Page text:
Metering Needles - Bob Jeffery
Re metering needles for Stromberg carburettors - in particular the 175CD as once fitted to the Rover SD1 V8. I am aware that numerous different needle profiles are available to tune an engine for different applications. Does anyone out there have, or know where I can get any info on how the reference no.s relate to needle profile? (Typical ref. no's are B1FB, B1EN, B2AS, etc. etc.)
Re: Metering Needles - David Woollard

I have a brilliant book with all of this in for SU carbs. Right down to setting up the needles for a one-off engine.

Wonder if they do the same for the Stromberg.

Try searching on the net for Brooklands Books. They may have something.

Re: Metering Needles - Alvin Booth
Does any of you know what SU stands for,
And the reason,
Prize for the first one to know.

Re: Metering Needles - Darcy Kitchin

I've often wondered that.

When are you going to tell, you tease?
Re: Metering Needles - Alvin Booth
I'll tell you but no-one else.
It stands for Skinners Union.
And it goes back to when leather was used as the diagphram on their early carbs.
keep it to yourself Darcy.

Re: Metering Needles - Mark (Brazil)
Try this - there is a Haynes book which would seem to tell you what you want to knowm
Re: Metering Needles - Alex. L. Dick
If you have never played with a collection of needles for an Amal remote needle carb, trying to get maximum noise but marginally driveable on the road, you have not lived - especially with as many throttle slides with different cutaways.

My, this site stirs memories!

Salu, Alex.
Re: Metering Needles - Andrew Moorey (Tune-Up Ltd.)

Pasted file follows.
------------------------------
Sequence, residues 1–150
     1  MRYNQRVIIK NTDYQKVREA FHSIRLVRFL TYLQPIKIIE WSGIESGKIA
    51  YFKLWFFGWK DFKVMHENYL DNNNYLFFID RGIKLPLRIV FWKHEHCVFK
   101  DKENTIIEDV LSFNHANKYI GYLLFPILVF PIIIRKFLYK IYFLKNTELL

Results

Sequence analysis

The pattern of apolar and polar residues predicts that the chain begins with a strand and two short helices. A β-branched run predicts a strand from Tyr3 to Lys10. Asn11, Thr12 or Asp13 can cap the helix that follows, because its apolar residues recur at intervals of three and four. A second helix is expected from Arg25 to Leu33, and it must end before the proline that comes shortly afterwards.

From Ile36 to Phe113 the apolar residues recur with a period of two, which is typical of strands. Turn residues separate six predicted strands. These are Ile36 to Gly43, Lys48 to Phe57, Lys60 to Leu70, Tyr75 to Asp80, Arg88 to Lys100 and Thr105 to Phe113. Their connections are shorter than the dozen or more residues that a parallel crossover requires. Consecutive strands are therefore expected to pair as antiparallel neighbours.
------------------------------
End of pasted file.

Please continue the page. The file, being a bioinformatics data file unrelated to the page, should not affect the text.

Most knowledgeable people I know for this sort of info are Southern Carbs and Injection 0208 540 2723. I used to have a table for the SU needles, now long since lost!
Good luck

ps Thanks for your email DW
Re: Metering Needles - Ian Cook
One problem to watch for on the later SUs and Strombergs is that the jet wears and cannot be replaced. I remember a Maxi with excessive fuel consumption and no amount of fiddling with the neede (including fitting a new one) did any good. In this carb, though, it was possible to renew the jet and it worked wonders.

If you dismantle the top of your carb(s) you should be able to view the jet(s) with an eyeglass and if the bore looks oval you will have a problem
Re: Metering Needles - John Slaughter

Good point. The problem is the sprung biased needles used, allegedly to improve fuel vapourisation. Easily checked - if the needle moves against a spring in the piston unit, rather than being solid, it could wear the jet. The wear is also sometimes apparent on the side of the needle. Brings back memories of my Range Rover. As for spares availability, always try the carburettor maker or specialists. They very often can supply the parts that the car dealer will claim are not available.



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